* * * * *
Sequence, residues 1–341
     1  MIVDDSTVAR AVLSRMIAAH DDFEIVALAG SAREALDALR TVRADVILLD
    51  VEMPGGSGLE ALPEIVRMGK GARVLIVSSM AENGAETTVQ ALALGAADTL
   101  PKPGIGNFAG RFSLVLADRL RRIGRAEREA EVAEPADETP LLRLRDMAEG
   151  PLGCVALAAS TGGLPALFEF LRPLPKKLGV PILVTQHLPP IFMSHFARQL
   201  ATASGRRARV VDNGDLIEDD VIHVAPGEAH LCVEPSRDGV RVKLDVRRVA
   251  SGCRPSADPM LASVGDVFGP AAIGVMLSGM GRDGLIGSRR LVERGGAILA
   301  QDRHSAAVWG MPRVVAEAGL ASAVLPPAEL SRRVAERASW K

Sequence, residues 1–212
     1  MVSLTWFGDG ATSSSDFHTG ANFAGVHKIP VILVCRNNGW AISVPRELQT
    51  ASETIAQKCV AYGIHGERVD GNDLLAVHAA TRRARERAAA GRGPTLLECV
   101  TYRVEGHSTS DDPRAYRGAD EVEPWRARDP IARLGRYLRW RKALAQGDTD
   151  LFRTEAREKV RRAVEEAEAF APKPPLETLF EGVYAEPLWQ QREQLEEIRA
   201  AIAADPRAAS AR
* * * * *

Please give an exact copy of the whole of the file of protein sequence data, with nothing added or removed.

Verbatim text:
Sequence, residues 1–341
     1  MIVDDSTVAR AVLSRMIAAH DDFEIVALAG SAREALDALR TVRADVILLD
    51  VEMPGGSGLE ALPEIVRMGK GARVLIVSSM AENGAETTVQ ALALGAADTL
   101  PKPGIGNFAG RFSLVLADRL RRIGRAEREA EVAEPADETP LLRLRDMAEG
   151  PLGCVALAAS TGGLPALFEF LRPLPKKLGV PILVTQHLPP IFMSHFARQL
   201  ATASGRRARV VDNGDLIEDD VIHVAPGEAH LCVEPSRDGV RVKLDVRRVA
   251  SGCRPSADPM LASVGDVFGP AAIGVMLSGM GRDGLIGSRR LVERGGAILA
   301  QDRHSAAVWG MPRVVAEAGL ASAVLPPAEL SRRVAERASW K

Sequence, residues 1–212
     1  MVSLTWFGDG ATSSSDFHTG ANFAGVHKIP VILVCRNNGW AISVPRELQT
    51  ASETIAQKCV AYGIHGERVD GNDLLAVHAA TRRARERAAA GRGPTLLECV
   101  TYRVEGHSTS DDPRAYRGAD EVEPWRARDP IARLGRYLRW RKALAQGDTD
   151  LFRTEAREKV RRAVEEAEAF APKPPLETLF EGVYAEPLWQ QREQLEEIRA
   201  AIAADPRAAS AR